It is an objective of this invention to provide a new and useful improvement on an elevator door guide. The improved door guide is stronger and safer than door guides present in the prior art. The guide in this invention contains all metal components in locations that are most likely to experience lateral, inward pressure. The non-metal glide components are intended to be used during elevator's normal operation, whereas the metal components help withstand significant lateral pressure on the doors and keep them from swinging inward into an elevator shaft.
Another objective of this invention is to provide a more robust elevator guide by using a combination of fasteners, female connectors, pins and serrations to keep an elevator guide firmly and securely clamped together.
Yet another objective of the invention is to provide a smooth and quiet operation of the elevator doors, by employing noise reducing materials for the glide component of the invention.
The preferred embodiments of the present invention will now be described with reference to
The vertical piece 20 of the attachment beam 10 (numbered in
Still referring to
On the horizontal piece 60 of the attachment beam 10, the fasteners 320 are inserted through the positioning slots 110. The positioning slots 110, run across the width of the horizontal piece 60 and are used to adjust the position of the guide carrier 190 with respect to the groove 330 of the door sill 340 (
Still referring to
The frictional surface 90 is preferably serrated. These serrations are evenly spaced grooves running lengthwise for the entire length of the horizontal piece 60. The serrations are present in a trough like pattern ensuring a positive interlocking surface. While serrations are preferred, as used herein, the term “frictional surface” can also mean a knurled pattern, sanded or sand blasted surface, ridges, etc. It could also be a rubber gasket, epoxy glue or other median. The purpose of the frictional surface 90 is to decrease the chance that the individual components of the elevator guide will slip lateral or become loose when force is applied to a door.
Still referring to
To further decrease the chance that the individual components of the elevator door guide will slip laterally or become loose when forced is applied to a door, the preferred embodiment calls for at least one positioning hole 160 for a positioning pin 170. The positing holes 160 can be drilled through once the reinforcing beam 120 and the guide carrier 190 are securely attached to the top and bottom surface respectively, of the horizontal piece 60.
The reinforcing beam 120 in
Still referring to
The top flange 200 of the guide carrier 190 is positioned horizontally with respect to the bottom surface 80 of the horizontal piece 60, and may contain a frictional surface similar to the frictional surface 90 described for horizontal piece 60. The top flange 200 contains a plurality of mounting holes 250 (for fasteners 320) that align with the positioning slots 110 of the horizontal piece 60, and are therefore also align with the mounting holes 180 of the reinforcing beam 120. The top flange 200 may also contain at least one positioning pin hole 260 for a positioning pin 170. The positioning pins 170 may be added to the top flange 200 once an elevator door guide assembly is complete, by drilling a hole through the reinforcing beam 120, attachment beam 10, and into the guide carrier 190. A positioning pin 170 may be placed in the hole. Alternatively the hole may be tapped, and a screw inserted therein.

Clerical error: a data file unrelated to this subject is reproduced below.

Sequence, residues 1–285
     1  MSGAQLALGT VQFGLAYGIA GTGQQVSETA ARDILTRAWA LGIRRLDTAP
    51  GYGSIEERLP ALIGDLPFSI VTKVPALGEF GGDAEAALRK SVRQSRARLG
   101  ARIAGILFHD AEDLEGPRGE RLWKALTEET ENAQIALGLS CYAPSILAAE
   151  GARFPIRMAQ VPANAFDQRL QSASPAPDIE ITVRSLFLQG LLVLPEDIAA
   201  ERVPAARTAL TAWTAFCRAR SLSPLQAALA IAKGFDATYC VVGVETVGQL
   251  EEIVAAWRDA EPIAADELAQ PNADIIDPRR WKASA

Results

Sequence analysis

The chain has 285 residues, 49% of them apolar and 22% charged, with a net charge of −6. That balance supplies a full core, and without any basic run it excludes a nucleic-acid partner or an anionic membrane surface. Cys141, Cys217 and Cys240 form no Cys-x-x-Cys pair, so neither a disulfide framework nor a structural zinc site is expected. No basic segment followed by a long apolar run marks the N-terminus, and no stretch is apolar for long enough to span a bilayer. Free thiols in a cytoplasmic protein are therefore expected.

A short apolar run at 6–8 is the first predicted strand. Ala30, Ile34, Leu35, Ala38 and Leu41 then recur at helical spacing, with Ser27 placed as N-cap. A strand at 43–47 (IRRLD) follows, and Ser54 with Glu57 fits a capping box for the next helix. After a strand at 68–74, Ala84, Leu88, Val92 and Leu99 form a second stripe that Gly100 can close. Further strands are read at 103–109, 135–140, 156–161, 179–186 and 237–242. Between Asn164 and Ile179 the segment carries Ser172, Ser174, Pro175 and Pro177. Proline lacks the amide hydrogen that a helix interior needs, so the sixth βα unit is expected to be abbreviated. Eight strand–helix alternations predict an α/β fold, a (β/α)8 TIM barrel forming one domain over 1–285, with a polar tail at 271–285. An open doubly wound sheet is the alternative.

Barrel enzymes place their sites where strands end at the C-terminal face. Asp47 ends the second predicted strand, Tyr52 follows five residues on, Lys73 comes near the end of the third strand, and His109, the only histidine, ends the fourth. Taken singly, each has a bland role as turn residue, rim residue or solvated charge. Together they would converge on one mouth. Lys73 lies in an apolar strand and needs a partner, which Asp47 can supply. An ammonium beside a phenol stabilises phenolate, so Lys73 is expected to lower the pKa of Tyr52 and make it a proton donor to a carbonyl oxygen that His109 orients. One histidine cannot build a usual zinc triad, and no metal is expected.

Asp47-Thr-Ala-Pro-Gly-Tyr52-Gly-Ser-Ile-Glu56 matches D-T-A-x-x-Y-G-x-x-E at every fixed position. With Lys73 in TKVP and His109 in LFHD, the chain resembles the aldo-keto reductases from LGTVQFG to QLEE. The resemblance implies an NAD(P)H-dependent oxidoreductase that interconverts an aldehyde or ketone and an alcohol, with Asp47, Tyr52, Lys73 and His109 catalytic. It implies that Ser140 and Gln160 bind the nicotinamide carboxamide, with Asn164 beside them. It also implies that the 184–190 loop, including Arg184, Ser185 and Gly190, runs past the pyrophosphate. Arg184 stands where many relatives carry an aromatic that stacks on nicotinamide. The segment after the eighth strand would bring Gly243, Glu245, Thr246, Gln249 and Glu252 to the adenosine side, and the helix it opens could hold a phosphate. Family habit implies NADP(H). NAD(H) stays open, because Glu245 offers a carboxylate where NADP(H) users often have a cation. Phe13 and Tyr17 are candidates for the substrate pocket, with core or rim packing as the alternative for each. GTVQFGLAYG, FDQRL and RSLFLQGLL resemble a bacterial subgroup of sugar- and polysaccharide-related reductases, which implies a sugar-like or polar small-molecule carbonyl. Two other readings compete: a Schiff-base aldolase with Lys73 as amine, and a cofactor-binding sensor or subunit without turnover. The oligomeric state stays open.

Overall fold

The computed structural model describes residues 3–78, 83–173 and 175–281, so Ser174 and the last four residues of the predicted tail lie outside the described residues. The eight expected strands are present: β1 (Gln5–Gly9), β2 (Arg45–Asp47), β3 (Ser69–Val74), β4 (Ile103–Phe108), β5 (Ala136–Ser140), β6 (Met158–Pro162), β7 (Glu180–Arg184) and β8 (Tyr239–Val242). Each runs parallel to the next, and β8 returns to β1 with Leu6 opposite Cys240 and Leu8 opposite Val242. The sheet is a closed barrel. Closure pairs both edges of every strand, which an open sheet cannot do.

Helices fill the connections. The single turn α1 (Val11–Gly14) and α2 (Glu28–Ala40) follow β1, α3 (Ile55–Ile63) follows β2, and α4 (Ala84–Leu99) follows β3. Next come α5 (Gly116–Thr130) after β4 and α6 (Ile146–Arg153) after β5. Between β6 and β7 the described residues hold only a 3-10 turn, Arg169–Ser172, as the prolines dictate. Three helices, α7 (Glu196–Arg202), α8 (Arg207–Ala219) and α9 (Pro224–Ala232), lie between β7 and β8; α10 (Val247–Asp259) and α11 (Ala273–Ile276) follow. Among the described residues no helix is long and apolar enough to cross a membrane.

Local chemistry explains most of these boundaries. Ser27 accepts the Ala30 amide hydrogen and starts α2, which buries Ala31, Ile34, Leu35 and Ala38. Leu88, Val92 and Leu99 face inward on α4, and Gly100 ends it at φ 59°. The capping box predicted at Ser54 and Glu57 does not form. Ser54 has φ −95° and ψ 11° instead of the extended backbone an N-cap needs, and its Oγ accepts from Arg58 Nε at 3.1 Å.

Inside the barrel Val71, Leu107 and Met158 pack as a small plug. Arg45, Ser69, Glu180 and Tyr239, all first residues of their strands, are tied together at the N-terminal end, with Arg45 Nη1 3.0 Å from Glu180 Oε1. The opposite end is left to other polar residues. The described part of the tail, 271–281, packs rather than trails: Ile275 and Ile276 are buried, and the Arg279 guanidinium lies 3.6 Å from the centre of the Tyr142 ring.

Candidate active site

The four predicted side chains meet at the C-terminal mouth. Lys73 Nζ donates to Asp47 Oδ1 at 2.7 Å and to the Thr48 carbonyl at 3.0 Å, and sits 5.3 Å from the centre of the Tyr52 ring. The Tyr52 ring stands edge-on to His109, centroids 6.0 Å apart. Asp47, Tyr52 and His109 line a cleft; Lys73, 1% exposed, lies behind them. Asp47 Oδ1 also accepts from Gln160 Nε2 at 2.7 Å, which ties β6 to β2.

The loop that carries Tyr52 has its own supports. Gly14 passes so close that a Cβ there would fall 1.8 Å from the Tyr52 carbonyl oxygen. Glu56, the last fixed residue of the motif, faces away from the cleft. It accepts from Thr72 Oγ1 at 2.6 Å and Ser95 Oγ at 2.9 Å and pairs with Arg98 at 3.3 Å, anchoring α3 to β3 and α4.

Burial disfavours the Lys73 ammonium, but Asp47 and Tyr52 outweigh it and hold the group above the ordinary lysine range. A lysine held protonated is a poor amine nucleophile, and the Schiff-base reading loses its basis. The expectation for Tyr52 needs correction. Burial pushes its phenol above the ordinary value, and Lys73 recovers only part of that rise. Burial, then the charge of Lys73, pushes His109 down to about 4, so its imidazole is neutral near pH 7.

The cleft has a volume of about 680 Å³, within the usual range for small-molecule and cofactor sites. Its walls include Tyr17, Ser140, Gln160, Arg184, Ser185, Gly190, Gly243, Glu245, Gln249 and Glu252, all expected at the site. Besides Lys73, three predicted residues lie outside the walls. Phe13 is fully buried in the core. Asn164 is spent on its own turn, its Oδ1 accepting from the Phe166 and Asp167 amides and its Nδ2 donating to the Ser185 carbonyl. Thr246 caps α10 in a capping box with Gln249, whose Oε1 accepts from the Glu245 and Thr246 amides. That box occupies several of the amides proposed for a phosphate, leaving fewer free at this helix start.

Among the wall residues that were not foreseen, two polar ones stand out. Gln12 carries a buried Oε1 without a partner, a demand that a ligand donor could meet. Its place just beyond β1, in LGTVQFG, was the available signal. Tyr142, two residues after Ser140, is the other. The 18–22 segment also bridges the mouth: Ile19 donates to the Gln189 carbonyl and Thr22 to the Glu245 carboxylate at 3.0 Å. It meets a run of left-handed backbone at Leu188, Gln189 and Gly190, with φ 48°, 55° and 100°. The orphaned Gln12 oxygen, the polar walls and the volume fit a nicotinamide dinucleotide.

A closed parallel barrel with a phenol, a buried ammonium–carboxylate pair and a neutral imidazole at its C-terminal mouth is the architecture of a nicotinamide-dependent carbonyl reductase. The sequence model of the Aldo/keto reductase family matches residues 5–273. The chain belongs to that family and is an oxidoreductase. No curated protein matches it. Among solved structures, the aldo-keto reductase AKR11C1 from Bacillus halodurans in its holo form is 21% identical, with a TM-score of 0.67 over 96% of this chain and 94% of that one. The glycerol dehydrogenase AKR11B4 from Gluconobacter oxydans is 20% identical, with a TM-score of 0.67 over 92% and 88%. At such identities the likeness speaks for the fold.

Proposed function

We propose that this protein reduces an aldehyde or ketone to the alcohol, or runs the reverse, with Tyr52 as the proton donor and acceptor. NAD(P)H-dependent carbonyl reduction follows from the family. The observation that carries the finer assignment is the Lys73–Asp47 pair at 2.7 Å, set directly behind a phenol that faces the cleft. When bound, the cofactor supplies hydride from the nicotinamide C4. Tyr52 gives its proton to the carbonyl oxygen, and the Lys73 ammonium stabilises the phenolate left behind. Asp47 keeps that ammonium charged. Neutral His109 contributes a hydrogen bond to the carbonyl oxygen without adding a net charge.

The glide 270, and the safety rail(s) 230 of the guide carrier 190 reside within the door sill groove 330 (
This invention provides vast safety improvements over prior art by providing improved clamping strength between the parts of the elevator door guide and by decreasing the likelihood of lateral motion due to the failure of the glide. All components are attached to each other in a way that promotes clamping strength and prevents lateral slippage, perpendicular to the motion of the door along the groove in the door sill. Another example of improved reliability and safety is that the mounting fasteners 320 of the attachment beam 10 are parallel to the lateral force that may be exerted on an elevator door. The lateral force is sometimes created when a person or an object leans, presses or hits against the doors while either waiting for en elevator in the corridor or riding inside the elevator cab. Greater resistance to lateral motion is achieved by having some of the fastening be parallel to the lateral force, such as by fasteners 320 located on the vertical piece 20, while other fastening is perpendicular to the lateral force, such as when the longitudinal motion is induced by the presence of the guide carrier 190 and the door sill groove 330.
Presence of the reinforcement beam 120 improves support for the fasteners 320 of the guide since it contacts all sides of the fastener equally. Without it, the fasteners 320 would be inserted directly into the positioning slots 110 of the horizontal piece 60. The positioning slots 110 offer only two sides to support the fasteners, with the other sides being open to permit adjustment of the door relative to the groove 330 in the sill 340.